Please email Londons Provender restaurant, they profit out of Foie Gras
A Michelin-starred chef has hit back at environmental campaigners trying to stop the sale of foie gras at his Wanstead restaurant.
The Waltham Forest and Redbridge Green Party is campaigning for Provender bistro, in Wanstead High Street, to take the product off the menu.
Foie gras, which is regarded as a delicacy, is a duck or goose liver product made by force-feeding birds to fatten the liver.
Green Party member Mark Dawes said: “Foie Gras is a cruel product and its sale should be banned.
“I hope people will not buy foie gras from Provender and that the restaurant acts with compassion and stops selling it.”
But chef and patron Max Renzland, who has worked with celebrity chef Marco Pierre White, insists he is concerned about animal welfare.
He said: “You can eat and buy foie gras in any European country because it’s not inherently cruel.
“There are bad foie gras farms like there are bad chicken farms and chicken is eaten by a far bigger proportion of the population.
“A tiny proportion of our customers eat it but it’s about freedom of choice.”
Provender sells an estimated 10 to 15 livers a week.
Mr Renzland has been in the restaurant trade for 35 years and said he has visited many foie gras farms.
He added: “The foie gras we use is done mainly in very small farms and yes, there’s a funnel used, but in very small quantities.
“I’m sure you can find plenty of YouTube clips on the internet but I don’t think you can criticise something you’ve never seen.”
The Waltham Forest and Redbridge Green Party previously campaigned against the sale of foie gras in Belgique patisserie in Cambridge Park, Wanstead.
Mr Dawes is also involved in campaigns against sellers including Fortnum and Mason.
He said: “The aim of our campaign is to raise awareness of the cruelty of foie gras and that Provender is selling the product in the hope that if customers do not order it, it will be taken off the menu and help stop animal suffering.”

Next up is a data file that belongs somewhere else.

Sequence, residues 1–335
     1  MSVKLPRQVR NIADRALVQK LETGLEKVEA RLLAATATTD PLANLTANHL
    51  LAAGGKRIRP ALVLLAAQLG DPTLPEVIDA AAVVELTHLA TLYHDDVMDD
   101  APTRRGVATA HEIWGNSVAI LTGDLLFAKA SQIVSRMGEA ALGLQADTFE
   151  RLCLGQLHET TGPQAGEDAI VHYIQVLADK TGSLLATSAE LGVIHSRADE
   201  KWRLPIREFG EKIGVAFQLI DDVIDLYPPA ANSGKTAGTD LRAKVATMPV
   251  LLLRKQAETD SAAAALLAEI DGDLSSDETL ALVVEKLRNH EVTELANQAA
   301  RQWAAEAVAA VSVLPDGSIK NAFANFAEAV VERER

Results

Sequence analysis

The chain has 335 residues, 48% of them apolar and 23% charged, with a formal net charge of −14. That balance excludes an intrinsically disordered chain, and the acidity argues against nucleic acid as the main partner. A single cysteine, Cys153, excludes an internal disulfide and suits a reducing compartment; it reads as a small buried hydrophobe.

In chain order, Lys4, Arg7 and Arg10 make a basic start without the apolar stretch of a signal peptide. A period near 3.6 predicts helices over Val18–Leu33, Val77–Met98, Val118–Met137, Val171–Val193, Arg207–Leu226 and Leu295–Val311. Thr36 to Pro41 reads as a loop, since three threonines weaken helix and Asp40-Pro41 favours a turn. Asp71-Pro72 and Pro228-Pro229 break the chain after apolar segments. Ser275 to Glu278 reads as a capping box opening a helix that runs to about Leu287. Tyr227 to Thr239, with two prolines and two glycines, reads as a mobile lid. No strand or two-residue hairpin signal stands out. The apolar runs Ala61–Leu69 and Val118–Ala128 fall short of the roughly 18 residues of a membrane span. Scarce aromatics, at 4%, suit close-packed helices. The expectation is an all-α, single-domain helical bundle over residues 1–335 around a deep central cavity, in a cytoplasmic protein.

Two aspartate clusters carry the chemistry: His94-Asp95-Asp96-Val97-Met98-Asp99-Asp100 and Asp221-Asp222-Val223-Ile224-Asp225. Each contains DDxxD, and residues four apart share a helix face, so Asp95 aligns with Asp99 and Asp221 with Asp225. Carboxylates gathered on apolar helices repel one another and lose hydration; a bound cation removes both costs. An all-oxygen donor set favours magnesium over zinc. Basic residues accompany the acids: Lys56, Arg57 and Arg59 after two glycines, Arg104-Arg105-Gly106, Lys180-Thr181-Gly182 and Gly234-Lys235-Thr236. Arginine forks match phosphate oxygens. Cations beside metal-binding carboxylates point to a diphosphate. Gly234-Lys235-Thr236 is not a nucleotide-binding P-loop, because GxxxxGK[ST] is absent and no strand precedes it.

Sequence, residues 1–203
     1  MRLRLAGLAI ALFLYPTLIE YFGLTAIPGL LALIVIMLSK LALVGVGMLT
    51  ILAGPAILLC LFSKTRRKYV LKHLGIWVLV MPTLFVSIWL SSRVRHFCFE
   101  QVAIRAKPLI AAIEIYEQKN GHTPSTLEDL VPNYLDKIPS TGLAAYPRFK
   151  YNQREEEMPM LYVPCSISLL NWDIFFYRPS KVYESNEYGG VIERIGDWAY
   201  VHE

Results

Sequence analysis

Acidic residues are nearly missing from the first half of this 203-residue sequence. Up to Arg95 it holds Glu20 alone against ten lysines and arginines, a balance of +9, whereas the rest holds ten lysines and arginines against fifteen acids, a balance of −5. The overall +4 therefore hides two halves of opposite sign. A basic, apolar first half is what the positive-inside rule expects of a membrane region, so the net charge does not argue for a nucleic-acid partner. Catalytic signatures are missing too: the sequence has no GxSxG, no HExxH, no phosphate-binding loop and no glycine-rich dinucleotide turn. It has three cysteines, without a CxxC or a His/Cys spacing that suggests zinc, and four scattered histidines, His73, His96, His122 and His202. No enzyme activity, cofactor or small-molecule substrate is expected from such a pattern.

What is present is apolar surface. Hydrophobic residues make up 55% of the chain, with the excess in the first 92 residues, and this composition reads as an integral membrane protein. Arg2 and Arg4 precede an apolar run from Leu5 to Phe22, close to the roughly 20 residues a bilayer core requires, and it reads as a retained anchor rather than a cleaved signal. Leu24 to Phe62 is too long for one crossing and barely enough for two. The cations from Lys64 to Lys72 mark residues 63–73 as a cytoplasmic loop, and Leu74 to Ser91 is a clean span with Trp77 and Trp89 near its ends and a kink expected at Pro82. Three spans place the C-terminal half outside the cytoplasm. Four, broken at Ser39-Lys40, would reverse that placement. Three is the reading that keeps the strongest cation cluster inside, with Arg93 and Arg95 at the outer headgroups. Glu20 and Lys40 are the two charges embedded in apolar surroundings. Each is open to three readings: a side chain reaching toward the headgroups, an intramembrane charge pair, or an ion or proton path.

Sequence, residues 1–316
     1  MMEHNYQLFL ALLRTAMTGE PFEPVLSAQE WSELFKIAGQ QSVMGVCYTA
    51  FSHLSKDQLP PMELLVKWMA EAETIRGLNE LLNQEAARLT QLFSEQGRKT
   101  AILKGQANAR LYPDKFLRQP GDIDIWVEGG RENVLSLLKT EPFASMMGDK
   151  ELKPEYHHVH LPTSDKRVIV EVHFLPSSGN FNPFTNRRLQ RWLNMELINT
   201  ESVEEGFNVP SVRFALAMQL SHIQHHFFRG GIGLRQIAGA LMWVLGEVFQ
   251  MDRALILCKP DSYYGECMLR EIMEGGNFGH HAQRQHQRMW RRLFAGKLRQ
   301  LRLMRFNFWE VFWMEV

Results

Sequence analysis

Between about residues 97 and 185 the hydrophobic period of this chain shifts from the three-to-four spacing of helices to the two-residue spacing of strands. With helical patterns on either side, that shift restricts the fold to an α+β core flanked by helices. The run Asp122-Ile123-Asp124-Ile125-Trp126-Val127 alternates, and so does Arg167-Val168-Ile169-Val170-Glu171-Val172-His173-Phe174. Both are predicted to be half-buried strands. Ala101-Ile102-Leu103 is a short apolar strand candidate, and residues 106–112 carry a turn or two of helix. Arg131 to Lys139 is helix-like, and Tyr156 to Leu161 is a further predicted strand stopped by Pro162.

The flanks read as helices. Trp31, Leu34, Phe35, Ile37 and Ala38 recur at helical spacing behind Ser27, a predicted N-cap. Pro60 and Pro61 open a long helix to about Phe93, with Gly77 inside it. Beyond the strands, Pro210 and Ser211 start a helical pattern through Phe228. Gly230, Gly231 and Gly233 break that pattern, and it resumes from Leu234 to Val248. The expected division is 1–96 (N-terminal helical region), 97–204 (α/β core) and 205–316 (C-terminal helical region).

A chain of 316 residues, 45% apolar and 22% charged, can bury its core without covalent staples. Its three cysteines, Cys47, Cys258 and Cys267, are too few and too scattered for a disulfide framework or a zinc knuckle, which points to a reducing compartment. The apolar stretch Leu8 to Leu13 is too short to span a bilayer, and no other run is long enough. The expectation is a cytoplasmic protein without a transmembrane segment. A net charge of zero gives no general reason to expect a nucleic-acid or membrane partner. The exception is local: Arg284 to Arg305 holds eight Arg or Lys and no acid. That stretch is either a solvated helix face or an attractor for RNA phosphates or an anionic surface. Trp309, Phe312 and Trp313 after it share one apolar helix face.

Production is banned in the UK but there are no rules against selling imported foie gras.
To Whom It Concerns,
I am disturbed to learn that your establishment is still selling foie gras, the production of which inflicts incredible suffering and cruelty upon sentient animals. As such, I respectfully request you take immediate steps to eliminate foie gras from your product list.
Foie gras, French for “fatty liver,” is made from the grotesquely enlarged livers of male ducks and geese. The birds are kept in tiny wire cages or packed into sheds. Pipes are repeatedly shoved down the birds’ throats, and up to 4 pounds of grain and fat are pumped into their stomachs two or three times every day. The pipes puncture many birds’ throats, sometimes causing the animals to bleed to death. This cruel procedure causes the birds’ livers to become diseased and swell to up to 10 times their normal size. Many birds become too sick to stand up. The birds who survive the force-feeding are killed, and their livers are sold for foie gras.
Globally, people have spoken out against the cruelty of foie gras. In 2004, as you know, California passed a law banning the sale and production of foie gras, effective this year; his Holiness Pope Benedict XVI denounced foie gras, the force-feeding as being in violation of Biblical principles; and foie gras production has been outlawed in the U.K., Germany, the Czech Republic, Finland, Luxembourg, Norway, Poland, Sweden, Switzerland, Denmark, and Israel.
As such, I respectfully request you please reconsider and make the compassionate and ethical decision to ban foie gras. You may be interested to know in addition to those people and places indicated above, many regional chefs and colleagues have recently removed foie gras from their menus, and I would love to inform my friends and acquaintances that you have joined them by also rejecting this torture and eliminating foie gras. Until such a time, however, I maintain the only ethical decision is to promote a boycott of your establishment and visiting instead the ones that do not sell foie gras.
I look forward to a positive response, however, so that I may visit you again.
Please feel free to watch the following video illustrating in disturbing detail the inherent cruelty of foie gras production:
Thank you for your attention to this urgent issue.
foie gross is disgusting,
do you know how
it is done?
if it were you being
force fed and choking,
you would not think it
Karen Lyons Kalmenson